bacchanalia \bak-uh-NAIL-yuh\, noun:

1. (plural, capitalized) The ancient Roman festival in honor of Bacchus, celebrated with dancing, song, and revelry.
2. A riotous, boisterous, or drunken festivity; a revel.

Well then. This looked like it was going to be a bit more of a challenge. 

It seemed unlikely that the literal, capitalized definition of this word was going to come up in everyday conversation (although, I wouldn’t put it past law students to shoot the breeze about the Ancient Romans), and so I realized I was probably going to have to creatively work it into some form of analogy. Maybe I could use my sense of humour to take the edge off, you know.. make it seem like a joke.

I waited patiently all day for an opportunity to use my new word to arise; and then finally, when someone at work began discussing their child’s birthday party that had taken place the previous weekend,  I sensed that my moment had come. I hesitated only slightly before deciding to go for it:

 “wow… what a ‘bacchanalia’ that mustve been!” I exclaimed, laughing nervously.

In a gametime decision, I had chosen to throw air quotes around the offending word, hopeful that this might lessen the blow. It quickly became obvious that this was a bad choice. If I didn’t know firsthand how meticulously our offices were cleaned each day (after having spent many a late night at work), I would have sworn I heard the sound of crickets.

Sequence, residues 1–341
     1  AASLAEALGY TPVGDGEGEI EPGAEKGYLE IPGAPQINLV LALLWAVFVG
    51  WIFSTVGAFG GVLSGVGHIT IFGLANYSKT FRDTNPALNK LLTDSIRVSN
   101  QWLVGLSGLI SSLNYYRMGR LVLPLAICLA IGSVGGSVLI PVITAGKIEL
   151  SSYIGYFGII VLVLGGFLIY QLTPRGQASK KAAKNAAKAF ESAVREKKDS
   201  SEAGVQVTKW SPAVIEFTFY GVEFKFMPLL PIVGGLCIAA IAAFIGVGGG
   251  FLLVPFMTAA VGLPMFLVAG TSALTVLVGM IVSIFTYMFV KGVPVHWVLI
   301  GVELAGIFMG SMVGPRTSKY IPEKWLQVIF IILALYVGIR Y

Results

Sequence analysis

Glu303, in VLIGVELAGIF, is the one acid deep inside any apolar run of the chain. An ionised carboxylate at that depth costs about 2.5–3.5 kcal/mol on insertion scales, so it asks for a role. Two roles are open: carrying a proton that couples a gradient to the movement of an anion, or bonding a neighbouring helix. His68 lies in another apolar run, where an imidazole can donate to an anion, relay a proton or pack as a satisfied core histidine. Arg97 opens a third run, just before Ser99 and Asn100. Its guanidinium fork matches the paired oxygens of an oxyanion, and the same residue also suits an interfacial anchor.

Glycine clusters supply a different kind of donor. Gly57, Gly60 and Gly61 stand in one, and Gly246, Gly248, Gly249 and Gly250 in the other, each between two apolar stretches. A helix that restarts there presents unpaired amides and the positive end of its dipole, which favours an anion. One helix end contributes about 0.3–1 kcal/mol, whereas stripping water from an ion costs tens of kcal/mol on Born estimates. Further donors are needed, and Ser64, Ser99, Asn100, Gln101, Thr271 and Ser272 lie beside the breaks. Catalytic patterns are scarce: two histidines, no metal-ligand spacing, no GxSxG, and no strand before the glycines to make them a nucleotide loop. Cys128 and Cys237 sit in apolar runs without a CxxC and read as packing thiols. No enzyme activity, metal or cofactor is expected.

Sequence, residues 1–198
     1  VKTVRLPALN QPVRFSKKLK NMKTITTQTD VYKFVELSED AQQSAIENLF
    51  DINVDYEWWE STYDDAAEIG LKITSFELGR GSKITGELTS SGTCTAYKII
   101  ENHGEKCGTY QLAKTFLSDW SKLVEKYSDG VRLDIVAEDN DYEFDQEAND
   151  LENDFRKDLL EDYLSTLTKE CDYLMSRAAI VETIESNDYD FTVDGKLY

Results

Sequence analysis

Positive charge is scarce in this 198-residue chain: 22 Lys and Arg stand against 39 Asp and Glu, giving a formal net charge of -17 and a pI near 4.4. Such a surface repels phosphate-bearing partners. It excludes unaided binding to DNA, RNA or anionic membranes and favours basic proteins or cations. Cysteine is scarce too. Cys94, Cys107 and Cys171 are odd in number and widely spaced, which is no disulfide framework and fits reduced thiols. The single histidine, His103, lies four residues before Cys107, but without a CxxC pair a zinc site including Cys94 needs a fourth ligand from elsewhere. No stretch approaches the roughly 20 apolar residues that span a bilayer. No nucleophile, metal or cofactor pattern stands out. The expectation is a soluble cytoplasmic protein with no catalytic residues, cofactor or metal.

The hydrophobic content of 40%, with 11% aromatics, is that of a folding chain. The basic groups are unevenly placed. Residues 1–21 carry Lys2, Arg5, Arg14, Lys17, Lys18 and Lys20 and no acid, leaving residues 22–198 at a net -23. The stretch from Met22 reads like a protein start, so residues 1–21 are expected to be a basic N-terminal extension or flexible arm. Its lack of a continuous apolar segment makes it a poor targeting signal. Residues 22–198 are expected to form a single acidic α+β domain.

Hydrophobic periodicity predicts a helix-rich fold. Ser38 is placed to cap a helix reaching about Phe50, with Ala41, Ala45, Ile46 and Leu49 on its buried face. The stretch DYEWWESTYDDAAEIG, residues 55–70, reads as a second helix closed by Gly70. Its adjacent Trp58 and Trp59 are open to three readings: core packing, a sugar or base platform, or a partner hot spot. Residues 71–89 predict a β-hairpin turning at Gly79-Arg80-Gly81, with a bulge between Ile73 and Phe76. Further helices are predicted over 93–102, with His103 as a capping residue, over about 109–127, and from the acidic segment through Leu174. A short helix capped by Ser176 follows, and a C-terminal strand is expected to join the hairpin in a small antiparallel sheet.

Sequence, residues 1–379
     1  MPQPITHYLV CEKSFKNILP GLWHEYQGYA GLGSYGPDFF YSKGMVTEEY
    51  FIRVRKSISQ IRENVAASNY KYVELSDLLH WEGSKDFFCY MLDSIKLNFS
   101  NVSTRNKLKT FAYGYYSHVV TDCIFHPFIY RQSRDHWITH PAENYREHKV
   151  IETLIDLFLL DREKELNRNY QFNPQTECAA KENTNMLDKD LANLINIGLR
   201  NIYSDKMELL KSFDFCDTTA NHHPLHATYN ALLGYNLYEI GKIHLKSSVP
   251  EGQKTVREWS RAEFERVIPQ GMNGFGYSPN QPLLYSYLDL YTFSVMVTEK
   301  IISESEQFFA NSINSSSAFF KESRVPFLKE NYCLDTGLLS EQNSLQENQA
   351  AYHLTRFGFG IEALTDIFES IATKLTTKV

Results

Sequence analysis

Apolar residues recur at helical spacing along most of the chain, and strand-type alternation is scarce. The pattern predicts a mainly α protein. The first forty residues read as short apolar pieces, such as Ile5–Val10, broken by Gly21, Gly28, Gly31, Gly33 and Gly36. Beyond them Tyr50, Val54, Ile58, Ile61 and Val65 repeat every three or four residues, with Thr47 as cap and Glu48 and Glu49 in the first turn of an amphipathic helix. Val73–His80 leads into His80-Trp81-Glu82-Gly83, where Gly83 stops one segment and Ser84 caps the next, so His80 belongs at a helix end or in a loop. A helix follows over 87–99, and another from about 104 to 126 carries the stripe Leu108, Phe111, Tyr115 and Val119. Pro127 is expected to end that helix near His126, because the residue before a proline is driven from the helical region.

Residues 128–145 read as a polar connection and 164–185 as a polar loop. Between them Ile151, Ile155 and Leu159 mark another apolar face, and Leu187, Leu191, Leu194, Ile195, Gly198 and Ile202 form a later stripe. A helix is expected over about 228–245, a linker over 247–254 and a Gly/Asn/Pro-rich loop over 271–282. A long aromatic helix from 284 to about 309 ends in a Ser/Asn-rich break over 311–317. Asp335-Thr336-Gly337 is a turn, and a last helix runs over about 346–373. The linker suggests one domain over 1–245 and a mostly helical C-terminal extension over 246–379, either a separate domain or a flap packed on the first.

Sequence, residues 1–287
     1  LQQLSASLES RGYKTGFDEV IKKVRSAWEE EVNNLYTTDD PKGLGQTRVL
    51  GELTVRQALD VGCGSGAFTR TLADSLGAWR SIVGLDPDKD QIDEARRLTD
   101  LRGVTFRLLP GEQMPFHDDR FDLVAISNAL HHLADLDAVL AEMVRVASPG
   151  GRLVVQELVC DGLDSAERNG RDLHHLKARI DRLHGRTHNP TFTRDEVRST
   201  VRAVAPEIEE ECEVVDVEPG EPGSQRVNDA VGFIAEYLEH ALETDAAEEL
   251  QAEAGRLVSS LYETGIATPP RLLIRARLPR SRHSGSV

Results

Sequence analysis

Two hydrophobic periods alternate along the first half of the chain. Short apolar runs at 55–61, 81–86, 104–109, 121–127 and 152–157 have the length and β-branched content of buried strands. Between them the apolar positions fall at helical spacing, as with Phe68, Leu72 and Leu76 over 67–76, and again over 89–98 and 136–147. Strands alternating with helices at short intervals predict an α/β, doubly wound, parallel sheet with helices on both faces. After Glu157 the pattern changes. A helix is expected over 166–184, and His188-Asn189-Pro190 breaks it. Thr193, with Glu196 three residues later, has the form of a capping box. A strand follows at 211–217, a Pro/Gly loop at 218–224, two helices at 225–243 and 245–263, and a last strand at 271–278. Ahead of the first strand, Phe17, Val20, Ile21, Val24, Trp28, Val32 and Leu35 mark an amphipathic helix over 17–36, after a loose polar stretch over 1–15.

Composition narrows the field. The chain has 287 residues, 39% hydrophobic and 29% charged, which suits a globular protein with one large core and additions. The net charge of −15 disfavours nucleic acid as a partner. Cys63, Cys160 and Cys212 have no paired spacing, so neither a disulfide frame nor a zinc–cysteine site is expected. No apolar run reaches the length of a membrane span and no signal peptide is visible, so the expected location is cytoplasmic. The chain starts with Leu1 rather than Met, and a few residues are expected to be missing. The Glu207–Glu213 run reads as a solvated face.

After that, things pretty much went downhill from there. Each day, I checked my email and found words that were more and more obscure:  

katzenjammer \KAT-suhn-jam-er\ , noun;

1.The discomfort and illness experienced as the aftereffects of excessive drinking; hangover.
2.Uneasiness; anguish; distress.
3. Uproar; clamor.
 
{Or, 4. that feeling that you, who have just heard me attempt to use this word, are likely experiencing right now}

 

braird \BRAIRD\, verb:

1. To sprout; appear above the ground.

{like the extra head you perceive me to be growing}

pleonasm \PLEE-uh-naz-uhm\, noun:

1. The use of more words than are necessary to express an idea; as, “I saw it with my own eyes.”
2. A superfluous word or expression.

{My thoughts exactly}

Autoschediasm  \aw-toh-skee-dee-az-uhm \ ,noun

 1. something that is improvised or extemporized
 
{Like your attempts to act like this didn’t just get weird right now. Thanks for that}.
 
Sockdolager  \sok-dol-uh-jer \ noun, Older Slang .
1. something unusually large, heavy, etc.
 
{TWSS??}

Opening my e-mail to find the word of the day began to feel less like a challenge and more like a sentence. What ridiculous word was I going to have to force awkwardly into conversation today? How many more people were going to avoid me in the servery??

Sadly, I realized that my use of these words was doing nothing to further my journey of self-improvement… rather i was REGRESSING, and steadily moving down the spectrum to becoming a complete and total douche bag. 

The fact of the matter is, that having an extensive vocabulary, like most other things in life- subscribes to the law of diminishing returns. Sure, its nice to be able to throw out words like “superfluous”; “trite”; and “Kim Kardashian” into conversation and impress people, but after a certain number of words, the benefits start to taper off.  Unless you know, you’re writing a 10,000 word essay on “Jane Eyre” and you haven`t been to class all semester; or if you’re a contestant on Jeopardy, and every category is “Wordplay“.

Or this one

Guess I’m going to have to take up a new avenue of self-improvement. Maybe I’ll go for something less ambitious this time… like Juicing. Or Planking. Not sure how much this one will really “improve” me, but I hear its pretty hot right now.